The g-kids have a new puppy which means Becky and I have a new g-dog.
Now although I think “G-Dog” would be a great name for a canine companion (it reminds me of an old-school rapper), the kids and parents went a different route. After much deliberation and consideration, they christened the new pup “Wrigley.” Not because she wriggles, although she does do that, and not because they like chewing gum, although that is true, as well.
No, the name comes from the baseball park near Lake Michigan which is home to the family’s favorite sports team, the Chicago Cubs.
The kids were born into Cubs Nation, baptized from the beginning into the loyal community of Cubs fans. It was in the air they breathed when each of them was brought home from the hospital. They wear their blue shirts and caps with the red C as they cheer the Cubbies on. They learned that the lyrics to “Take Me Out to the Ballgame” includes the alternate lines, “And we’ll root, root, root for the Cubbies/if they don’t win it’s a shame.”
Early on, they were schlepped to stadia for games. This summer, so far, they have seen the Cubs play twice in Cincinnati, once in Pittsburgh, and once at the Mecca of Cubs fandom, Wrigley Field, which now shares its name with their new puppy. The entire family loves the Cubs.
And they love Wrigley. She is a running and tumbling, tripping and slipping and finger-nipping white fur ball of cuteness in the form of a dog. It’s good for kids to share their life with a dog. It’s good for anyone, really. Research bears this out.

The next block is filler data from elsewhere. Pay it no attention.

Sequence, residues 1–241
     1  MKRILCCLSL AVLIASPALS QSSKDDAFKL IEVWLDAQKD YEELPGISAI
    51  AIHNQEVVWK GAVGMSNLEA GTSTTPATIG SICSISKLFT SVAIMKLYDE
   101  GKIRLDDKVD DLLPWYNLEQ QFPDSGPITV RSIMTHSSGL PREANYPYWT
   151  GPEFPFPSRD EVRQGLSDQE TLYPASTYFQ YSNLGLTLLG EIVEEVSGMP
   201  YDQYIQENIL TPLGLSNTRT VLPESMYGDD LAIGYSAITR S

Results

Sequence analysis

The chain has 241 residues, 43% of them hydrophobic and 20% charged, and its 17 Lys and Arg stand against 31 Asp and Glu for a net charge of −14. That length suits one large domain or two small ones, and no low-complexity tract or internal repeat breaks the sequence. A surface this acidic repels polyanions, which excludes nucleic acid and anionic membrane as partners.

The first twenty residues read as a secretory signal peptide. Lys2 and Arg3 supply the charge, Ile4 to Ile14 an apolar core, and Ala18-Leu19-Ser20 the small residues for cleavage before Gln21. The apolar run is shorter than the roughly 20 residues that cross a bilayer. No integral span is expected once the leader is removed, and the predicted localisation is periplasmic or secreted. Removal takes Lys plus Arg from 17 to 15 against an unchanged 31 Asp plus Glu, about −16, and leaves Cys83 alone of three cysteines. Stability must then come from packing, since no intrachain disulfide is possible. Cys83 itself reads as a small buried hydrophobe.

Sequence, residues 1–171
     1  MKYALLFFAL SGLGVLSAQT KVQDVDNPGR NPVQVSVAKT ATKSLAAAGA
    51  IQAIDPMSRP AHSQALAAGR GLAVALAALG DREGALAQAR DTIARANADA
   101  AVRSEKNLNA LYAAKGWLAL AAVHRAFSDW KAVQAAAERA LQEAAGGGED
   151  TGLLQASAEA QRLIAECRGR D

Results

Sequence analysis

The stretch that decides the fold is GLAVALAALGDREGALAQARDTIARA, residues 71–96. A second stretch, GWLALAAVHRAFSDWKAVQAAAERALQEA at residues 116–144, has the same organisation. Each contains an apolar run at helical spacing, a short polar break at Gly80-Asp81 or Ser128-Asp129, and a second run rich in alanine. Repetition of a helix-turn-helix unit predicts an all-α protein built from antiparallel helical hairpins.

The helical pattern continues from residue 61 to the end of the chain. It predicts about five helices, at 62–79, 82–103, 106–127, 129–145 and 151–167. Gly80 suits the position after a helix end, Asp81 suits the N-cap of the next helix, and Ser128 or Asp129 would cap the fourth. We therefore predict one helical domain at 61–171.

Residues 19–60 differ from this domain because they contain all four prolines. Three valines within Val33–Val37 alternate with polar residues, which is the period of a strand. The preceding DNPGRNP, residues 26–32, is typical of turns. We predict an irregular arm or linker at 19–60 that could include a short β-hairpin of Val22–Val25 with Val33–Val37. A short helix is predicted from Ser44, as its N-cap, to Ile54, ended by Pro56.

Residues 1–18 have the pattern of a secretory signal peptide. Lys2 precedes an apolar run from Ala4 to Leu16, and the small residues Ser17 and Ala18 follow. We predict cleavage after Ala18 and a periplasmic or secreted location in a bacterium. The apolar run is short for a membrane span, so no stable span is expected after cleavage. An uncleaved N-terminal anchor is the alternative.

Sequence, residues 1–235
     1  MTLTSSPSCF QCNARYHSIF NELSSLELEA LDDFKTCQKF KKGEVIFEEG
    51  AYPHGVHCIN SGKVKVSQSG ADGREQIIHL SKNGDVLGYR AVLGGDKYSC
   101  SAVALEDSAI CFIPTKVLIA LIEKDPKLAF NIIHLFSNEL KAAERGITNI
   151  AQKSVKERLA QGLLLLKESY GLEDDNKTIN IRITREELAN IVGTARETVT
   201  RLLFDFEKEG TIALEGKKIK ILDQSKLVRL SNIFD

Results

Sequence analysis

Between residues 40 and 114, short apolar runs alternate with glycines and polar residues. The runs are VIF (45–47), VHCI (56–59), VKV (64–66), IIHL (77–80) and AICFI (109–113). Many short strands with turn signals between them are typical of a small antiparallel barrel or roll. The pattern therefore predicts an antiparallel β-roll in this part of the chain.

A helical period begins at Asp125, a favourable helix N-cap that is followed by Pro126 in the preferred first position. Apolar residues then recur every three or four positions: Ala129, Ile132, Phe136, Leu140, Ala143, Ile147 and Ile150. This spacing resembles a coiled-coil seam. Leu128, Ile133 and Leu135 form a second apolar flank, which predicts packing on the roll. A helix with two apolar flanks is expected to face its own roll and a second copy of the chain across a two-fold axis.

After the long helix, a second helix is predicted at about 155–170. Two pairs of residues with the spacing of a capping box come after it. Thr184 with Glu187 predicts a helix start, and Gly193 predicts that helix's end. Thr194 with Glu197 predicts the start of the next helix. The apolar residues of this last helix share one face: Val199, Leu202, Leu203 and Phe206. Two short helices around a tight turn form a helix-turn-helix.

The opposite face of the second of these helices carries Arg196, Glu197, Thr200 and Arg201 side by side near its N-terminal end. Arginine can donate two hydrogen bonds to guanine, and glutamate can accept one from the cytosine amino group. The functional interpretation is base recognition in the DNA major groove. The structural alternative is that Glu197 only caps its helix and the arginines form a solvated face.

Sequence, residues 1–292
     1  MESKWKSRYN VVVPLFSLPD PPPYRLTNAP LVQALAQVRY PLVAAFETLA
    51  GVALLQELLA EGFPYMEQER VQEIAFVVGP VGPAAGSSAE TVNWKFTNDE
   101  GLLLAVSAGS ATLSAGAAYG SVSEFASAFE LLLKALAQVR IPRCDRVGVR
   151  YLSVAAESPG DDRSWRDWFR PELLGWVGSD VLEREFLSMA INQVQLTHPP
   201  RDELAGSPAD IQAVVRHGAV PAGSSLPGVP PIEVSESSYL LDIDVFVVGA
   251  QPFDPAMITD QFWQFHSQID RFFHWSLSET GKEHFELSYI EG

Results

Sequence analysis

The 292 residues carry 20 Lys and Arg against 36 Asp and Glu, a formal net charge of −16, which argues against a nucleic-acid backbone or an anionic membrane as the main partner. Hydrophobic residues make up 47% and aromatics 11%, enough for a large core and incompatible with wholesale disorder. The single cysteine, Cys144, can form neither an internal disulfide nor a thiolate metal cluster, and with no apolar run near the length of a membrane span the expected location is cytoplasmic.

Dog ownership teaches responsibility which, as adults know, is one of the prime skills children (and some adults?) need to learn. It’s possible to be an irresponsible dog owner, but the majority of people who have dogs feel mostly love and affection for their four-legged friends. Research shows that oxytocin, a chemical in the brain that induces feelings of happiness, increases just by staring into their dog’s eyes.
Dogs can strengthen the bonds between humans, as well. A study out of the school of Veterinary Medicine at Tufts University found that subjects who held a strong attachment to pets felt more connected to their communities and relationships.
Because dogs require us to move about and go for walks, our physical health is improved. One Canadian study found that dog owners walked an average of 300 minutes per week compared to 168 minutes for those who didn’t own dogs. Walking dogs also allows for increased social interaction among people, with studies showing people were more likely to stop and say hello to someone who is walking a dog.
After reading all this research on the benefits of dog ownership, I’m wondering if having a dog as a companion would be especially good for Cubs fans. If for no other reason than the psychological benefits.
For example, experiments at the University of Buffalo showed that having a dog in the room lowers the human test subjects’ blood pressure and decreases stress.
Let’s face it: in years past, when the outlook was bleak for the playoffs, a little less stress and lower BP would have been a good thing. And as each Cubs season ended and fans repeated, “Wait’ll next year,” dogs would have been useful therapy in helping people recover from a crisis.
But that was in the past. So far, 2016 is shaping up to be one of the great seasons for the Cubs. This might be the year. But whether they do or don’t go all the way, it would be to their benefit to have a dog along for the ride.
Norman Knight, a retired Clark-Pleasant Middle School teacher, writes this weekly column for the Daily Journal. Send comments to firstname.lastname@example.org.